I love shepherd's pie. It's such a hearty, down home, comfort food, meal. Not terribly trendy these days but when I asked the boys what they wanted for dinner, shepherd's pie came up. I guess, boys being boys, just like boy food.
I started working on the shepherd's pie early today 'cos I wanted to have it done and ready to go in the oven along with the crustless quiche that's going to be the main for tonight.
(Just so you're aware, I don't always post what I write on the day that I write them. Some of these don't get posted till weeks later, 'cos I'm trying to stay ahead with all my material and writing while it's fresh. Plus I also don't want to inundate the blog with too many posts at a time.) ;-)
Anyhow, the first time I made the shepherd's pie it took what felt like forever, subsequent times do not feel any shorter because of the time it takes for all the liquid that is added to simmer down to a lovely, thick, gooey mess, that holds everything together. Just remember, wet and gooey = good. The recipe says 30 minutes, it took me closer to an hour, possibly a little more time to get the lamb mixture down to the gooey consistency I wanted.
Here's my RECIPE for the shepherd's pie that I make. I don't recall exactly where I got it from, but it's from one of the many cookbooks that I own.
Ingredients (serves 4):
- 1 tbs olive oil
- 1 brown onion, halved, finely chopped
- 1 carrot, peeled, finely chopped
- 2 celery sticks, trimmed, finely chopped
- 500g lamb mince
- 2 tbs plain flour
- 500ml (2 cups) beef stock
- 1 dried bay leaf
- 1 tbs Worcestershire sauce
- 1 tbs tomato paste
- Salt & freshly ground black pepper
- 4 (about 200g each) desiree potatoes, peeled, chopped
- 40g butter
- 125ml (1/2 cup) milk
- Melted butter, to brush
- Heat oil in a large saucepan over medium-high heat. Add onion, carrot and celery and cook, stirring, for 5 minutes or until soft. Add lamb mince and cook, stirring to break up any lumps, for 5 minutes or until lamb changes colour.
- Add the flour and cook, stirring, for 2 minutes or until combined. Add stock, bay leaf, Worcestershire sauce and tomato paste. Bring to the boil. Reduce heat to low and cook, stirring occasionally, for 30 minutes or until sauce thickens. Taste and season with salt and pepper.
- Meanwhile: cook potato in a saucepan of salted boiling water for 15 minutes or until tender. Drain well. Return to the pan with the butter. Use a potato masher or fork to mash until smooth. Add milk and use a wooden spoon to stir until combined. Taste and season with salt and pepper.
- Preheat oven to 200°C. Spoon lamb mixture into a 2L (8-cup) capacity ovenproof baking dish. Top with mashed potato and use a fork to spread over lamb mixture. Brush with butter. Bake in preheated oven for 20 minutes or until mashed potato is golden brown. Serve immediately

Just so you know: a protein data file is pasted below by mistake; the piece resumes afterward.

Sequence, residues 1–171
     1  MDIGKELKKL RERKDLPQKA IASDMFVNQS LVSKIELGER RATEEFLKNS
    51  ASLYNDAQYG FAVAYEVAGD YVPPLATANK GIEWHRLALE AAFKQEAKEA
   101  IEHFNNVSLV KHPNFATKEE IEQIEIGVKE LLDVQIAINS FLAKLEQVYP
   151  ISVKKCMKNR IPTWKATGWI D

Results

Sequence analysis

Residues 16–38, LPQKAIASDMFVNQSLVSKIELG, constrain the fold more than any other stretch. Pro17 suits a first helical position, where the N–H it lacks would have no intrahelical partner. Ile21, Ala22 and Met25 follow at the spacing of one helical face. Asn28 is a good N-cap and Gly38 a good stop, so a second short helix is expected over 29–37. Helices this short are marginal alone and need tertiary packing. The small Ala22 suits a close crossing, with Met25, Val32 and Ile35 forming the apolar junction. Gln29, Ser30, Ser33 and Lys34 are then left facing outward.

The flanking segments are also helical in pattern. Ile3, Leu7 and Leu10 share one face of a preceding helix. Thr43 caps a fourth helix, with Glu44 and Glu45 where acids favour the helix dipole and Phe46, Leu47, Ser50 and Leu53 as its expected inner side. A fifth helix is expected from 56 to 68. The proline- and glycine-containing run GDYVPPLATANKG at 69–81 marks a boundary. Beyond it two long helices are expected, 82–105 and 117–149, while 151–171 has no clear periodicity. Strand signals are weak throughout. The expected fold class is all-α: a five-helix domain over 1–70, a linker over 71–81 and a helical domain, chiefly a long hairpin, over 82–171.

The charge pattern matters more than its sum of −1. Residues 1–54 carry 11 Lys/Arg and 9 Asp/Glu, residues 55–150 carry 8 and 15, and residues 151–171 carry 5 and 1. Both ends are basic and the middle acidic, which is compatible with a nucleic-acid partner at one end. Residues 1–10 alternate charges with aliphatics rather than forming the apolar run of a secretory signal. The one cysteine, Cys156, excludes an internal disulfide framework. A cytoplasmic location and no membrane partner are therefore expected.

Note: you can use my RECIPE for restaurant mashed potatoes to make the mash instead of doing what the recipe above says, which is what I do, just 'cos the mash turns out a lot yummier.
I usually cook for more than 4 people, so I tend to double the recipe that I'm making. That still fills out an average sized baking dish, though this time, I made too much mash and I had about a spoonful leftover even after I heaped a whole load of mash on top and in the middle.
I also like to be generous with my herbs so I throw in 3 or 4 bay leaves instead of the 1 that the recipe calls for. I have no idea what bay leaves taste like or what flavor they add, but a lot of recipes call for them and I know that if I did not add them, I would notice their lack. :-)
With the salt and pepper, be a bit more generous. I say this because you're topping with mash, and the mash will mellow out the flavor. If you don't have a bit more seasoning in your pie filling, it might taste a bit flat. I also use freshly ground pepper here instead of just standard ground pepper because the flavor is stronger and it doesn't matter if there are black pepper bits in the lamb mixture since there's so much other stuff in it. I also use a blend of chili flakes and assorted peppers instead of just plain pepper because I like that extra kick.
For the mash, I add a little Parmesan cheese into it while I'm whisking and making it up (no herbs in the milk - if you're using the restaurant mashed potatoes recipe you'll know what I mean) just to give it some texture. The mash will turn out to be of a thicker consistency than the silky smooth mash in the recipe 'cos you want it to have structure as a topping for the pie. I also top the mash with grated Parmesan cheese instead of butter. There's enough butter in the mash itself, I don't need to add more.
Since this dish is such a tasty and rich dish on it's own, I don't suggest a fancy side. A simple lettuce, rocket or some sort of green leafy salad dressed with a vinaigrette would be lovely. For a RECIPE of a simple but lovely vinaigrette, go here.
What's the food that you automatically turn to for your comfort food? Was it something your mom or grandma used to make for you when you were a kid? Do you make it for yourself whenever you feel you need a little treat?
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